The sister of the man arrested Tuesday in Richland for wielding a sword and attempting to force his way into a church commended police for their response and apologized for any families troubled by related lockdowns of a day care center and Christ the King School.
Steven Lee Houtrouw, 29, remains in the Benton County jail after appearing in Benton County District Court before Judge Dan Kathren.
The judge ordered Houtrouw held without bail on a 72-hour hold while prosecutors decide whether to file charges for first-degree burglary.
Kerry Bragg, one of Houtrouw’s five siblings, doesn’t believe her brother intended to harm anyone but himself.
Premium content for only $0.99
For the most comprehensive local coverage, subscribe today.
Houtrouw has struggled with mental impairments, including schizophrenia, that began to surface when he was in his early 20s, Bragg said. She is pursuing guardianship of her brother so she can get him the treatment he needs.
“We have not had an avenue to force him to get help,” she said, adding that she is glad the court is keeping him in custody. “At least in the jail he’s safe.”
In his words, he’s been waiting for God to take him.
Kerry Bragg, sister of suspect
Richland Police Capt. Mike Cobb said the officers who responded to the incident followed their training to the letter. No one was seriously hurt.
Cobb said he is glad deadly force was not necessary. Law enforcement has increasingly taken on dealing with people in crisis and trained to resolve those situations as peacefully as possible.
“We can recognize (when someone is in crisis), but we can’t control it,” Cobb said.
Bragg was at lunch with her husband when she heard the news of her brother’s arrest outside Christ the King School, not far from the rental property she owns and he lives in.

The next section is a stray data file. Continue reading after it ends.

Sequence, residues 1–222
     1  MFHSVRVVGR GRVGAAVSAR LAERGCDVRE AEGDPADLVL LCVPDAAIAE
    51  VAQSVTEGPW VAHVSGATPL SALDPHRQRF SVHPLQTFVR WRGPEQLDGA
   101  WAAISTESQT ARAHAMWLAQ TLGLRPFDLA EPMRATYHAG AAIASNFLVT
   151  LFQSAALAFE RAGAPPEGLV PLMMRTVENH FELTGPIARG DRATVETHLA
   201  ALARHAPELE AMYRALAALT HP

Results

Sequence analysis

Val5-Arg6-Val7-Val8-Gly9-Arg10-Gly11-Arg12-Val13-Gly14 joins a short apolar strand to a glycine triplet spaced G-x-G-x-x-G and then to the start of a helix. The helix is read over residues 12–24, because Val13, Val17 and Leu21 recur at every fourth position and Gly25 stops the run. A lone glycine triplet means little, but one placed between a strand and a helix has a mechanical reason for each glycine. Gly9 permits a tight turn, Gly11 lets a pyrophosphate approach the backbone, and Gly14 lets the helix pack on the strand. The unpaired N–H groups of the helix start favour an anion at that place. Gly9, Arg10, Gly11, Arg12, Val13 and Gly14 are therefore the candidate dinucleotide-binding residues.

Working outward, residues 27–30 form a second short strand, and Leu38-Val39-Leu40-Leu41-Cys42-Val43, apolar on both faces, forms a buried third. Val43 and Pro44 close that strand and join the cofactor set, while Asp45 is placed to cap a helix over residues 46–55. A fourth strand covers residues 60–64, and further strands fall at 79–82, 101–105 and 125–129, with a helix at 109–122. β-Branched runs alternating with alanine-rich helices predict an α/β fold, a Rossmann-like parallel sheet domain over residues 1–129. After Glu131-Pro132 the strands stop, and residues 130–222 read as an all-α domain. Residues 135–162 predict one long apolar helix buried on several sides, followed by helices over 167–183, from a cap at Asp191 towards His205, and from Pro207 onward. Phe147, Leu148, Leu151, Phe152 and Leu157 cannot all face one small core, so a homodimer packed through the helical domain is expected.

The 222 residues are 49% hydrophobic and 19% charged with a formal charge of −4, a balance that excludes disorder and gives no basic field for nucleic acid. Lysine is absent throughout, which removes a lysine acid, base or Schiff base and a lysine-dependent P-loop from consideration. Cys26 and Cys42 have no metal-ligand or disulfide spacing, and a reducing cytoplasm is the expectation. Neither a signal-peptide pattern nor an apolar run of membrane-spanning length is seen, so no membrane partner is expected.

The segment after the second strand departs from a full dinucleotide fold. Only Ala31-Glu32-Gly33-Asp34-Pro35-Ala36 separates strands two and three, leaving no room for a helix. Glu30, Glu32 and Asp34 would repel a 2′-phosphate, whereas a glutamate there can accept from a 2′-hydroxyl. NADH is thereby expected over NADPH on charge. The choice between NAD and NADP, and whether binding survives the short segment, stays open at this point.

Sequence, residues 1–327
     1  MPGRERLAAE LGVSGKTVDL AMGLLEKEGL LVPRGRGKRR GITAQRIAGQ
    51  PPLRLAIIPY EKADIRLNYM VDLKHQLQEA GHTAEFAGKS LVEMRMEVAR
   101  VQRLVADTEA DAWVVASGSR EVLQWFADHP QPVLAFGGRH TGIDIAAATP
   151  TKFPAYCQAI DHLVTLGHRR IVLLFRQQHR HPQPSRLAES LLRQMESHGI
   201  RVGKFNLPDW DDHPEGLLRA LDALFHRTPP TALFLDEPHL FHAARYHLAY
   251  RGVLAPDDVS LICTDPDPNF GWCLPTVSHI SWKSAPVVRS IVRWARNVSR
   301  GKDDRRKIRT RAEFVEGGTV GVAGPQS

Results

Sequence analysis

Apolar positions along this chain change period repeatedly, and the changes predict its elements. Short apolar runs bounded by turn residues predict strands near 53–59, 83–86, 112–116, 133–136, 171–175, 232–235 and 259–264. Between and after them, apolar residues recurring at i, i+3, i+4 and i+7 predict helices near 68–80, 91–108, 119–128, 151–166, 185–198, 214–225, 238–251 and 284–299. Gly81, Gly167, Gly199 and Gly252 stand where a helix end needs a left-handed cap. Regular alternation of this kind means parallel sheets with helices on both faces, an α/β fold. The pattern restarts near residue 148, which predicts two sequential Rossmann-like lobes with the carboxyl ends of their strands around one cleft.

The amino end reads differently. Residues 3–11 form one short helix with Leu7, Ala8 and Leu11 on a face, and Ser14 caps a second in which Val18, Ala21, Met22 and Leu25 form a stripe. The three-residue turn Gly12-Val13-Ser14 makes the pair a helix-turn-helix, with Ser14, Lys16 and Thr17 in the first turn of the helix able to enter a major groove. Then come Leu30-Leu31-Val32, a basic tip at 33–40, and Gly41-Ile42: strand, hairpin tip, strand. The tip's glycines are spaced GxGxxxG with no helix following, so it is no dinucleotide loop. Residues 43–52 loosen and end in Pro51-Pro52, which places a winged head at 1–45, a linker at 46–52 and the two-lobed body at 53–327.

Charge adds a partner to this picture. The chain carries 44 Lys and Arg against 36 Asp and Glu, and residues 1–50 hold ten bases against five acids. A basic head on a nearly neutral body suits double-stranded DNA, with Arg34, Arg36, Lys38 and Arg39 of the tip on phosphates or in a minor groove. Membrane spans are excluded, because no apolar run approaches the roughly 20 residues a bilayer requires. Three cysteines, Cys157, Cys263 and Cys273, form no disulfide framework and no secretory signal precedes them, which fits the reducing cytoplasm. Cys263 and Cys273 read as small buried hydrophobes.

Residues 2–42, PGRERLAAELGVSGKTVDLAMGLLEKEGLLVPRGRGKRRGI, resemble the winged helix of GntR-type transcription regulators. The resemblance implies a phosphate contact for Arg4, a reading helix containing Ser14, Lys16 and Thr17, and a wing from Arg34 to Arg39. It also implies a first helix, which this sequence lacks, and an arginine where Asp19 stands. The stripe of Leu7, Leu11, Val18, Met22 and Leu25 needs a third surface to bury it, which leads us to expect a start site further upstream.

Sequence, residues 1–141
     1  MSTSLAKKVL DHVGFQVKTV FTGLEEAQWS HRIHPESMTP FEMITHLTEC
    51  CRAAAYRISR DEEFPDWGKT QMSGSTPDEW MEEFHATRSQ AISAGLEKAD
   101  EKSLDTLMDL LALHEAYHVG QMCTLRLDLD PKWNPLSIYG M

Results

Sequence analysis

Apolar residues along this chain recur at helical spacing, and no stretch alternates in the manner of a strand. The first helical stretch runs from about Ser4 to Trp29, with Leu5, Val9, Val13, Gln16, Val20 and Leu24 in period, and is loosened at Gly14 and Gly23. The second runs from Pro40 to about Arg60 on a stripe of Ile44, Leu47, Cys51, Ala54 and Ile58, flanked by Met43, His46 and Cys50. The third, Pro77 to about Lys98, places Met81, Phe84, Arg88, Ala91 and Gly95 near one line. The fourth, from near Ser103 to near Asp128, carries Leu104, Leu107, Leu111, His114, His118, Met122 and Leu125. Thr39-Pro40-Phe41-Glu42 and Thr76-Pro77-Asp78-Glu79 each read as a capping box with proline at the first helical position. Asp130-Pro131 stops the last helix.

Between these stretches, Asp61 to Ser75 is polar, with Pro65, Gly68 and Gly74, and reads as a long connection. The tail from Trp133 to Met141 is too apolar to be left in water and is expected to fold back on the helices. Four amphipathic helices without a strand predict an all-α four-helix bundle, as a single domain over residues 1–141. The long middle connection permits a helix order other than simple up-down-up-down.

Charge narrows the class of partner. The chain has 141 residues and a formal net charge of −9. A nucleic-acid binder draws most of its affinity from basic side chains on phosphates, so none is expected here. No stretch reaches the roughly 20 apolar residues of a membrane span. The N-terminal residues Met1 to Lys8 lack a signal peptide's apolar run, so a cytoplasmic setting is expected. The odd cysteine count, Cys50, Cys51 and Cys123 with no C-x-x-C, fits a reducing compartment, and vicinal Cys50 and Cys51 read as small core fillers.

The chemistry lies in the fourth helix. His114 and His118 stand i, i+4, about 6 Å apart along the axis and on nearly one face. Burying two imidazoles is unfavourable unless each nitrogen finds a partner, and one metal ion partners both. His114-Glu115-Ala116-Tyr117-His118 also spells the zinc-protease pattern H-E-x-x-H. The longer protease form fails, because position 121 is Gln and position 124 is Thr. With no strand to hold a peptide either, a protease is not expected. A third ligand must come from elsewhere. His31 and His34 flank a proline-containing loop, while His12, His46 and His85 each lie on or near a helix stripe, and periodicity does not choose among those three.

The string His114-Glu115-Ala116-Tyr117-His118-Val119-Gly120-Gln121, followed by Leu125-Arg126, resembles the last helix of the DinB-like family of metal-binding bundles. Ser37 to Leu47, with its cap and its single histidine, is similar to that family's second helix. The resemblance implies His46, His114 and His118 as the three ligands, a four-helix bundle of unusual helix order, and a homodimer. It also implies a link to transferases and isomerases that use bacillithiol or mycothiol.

Houtrouw allegedly attempted to break into Central United Protestant Church on Stevens Drive with a katana-like sword, prompting someone to call 911. Christ The King School and a nearby day care went into lockdown until police could subdue Houtrouw with Tasers.
Houtrouw used to work as a welder, but his schizophrenia has progressively worsened, especially since he began refusing to take his medication about two years ago, leading him to not get jobs, Bragg said.
“He was a good kid. A sweet kid,” Bragg said. “He was hard-working.”
Houtrouw was arrested a few years ago for a domestic violence situation involving his ex-wife. Bragg said his family and neighbors have frequently called police for welfare checks on him, as he has suicidal tendencies and is known to cut himself.
Bragg said she doesn’t know where her brother got the sword, noting that her father went through his belongings to remove anything he could harm himself with.
There need to be better outlets. We need to be able to intervene before something happens. We’re just kind of stuck.
Kerry Bragg, sister of suspect
The family has tried several means to get Houtrouw help, from stints in a short-term residential treatment facility in Richland to attempts to take him to Kadlec for evaluation.
But the voices he hears have become dominant in his head, Bragg said, and he’s learned to minimize interaction with family and police so they don’t have cause to take him to the hospital.
And he has increasingly sought ways to die, possibly leading to Tuesday’s incident as a means to be shot by police.
“In his words, he’s been waiting for God to take him,” Bragg said.
She visited the jail to talk to authorities about her brother’s mental health history and be assured he was under observation, particularly for suicide risk. Bragg also spoke with the officer who first responded to the call about Houtrouw, who told her he did have his firearm drawn when he confronted him, she said.
Cobb said responses to people in mental crisis have become relatively routine calls, occurring every couple of weeks. The circumstances of each differ and the use of deadly force, while not a desired option, is always on the table when someone poses a danger with a weapon.
“That can be a very, very lethal threat,” Cobb said.
Bragg partially views her brother’s arrest as a silver lining because it might force him into treatment or keep him away from the public.
At the same time, she wishes it didn’t have to come to a situation that could have left him hurt or dead — or worse, someone else.
“There need to be better outlets. We need to be able to intervene before something happens,” she said, speaking of the difficulty families face in getting relatives into needed treatment. “We’re just kind of stuck.”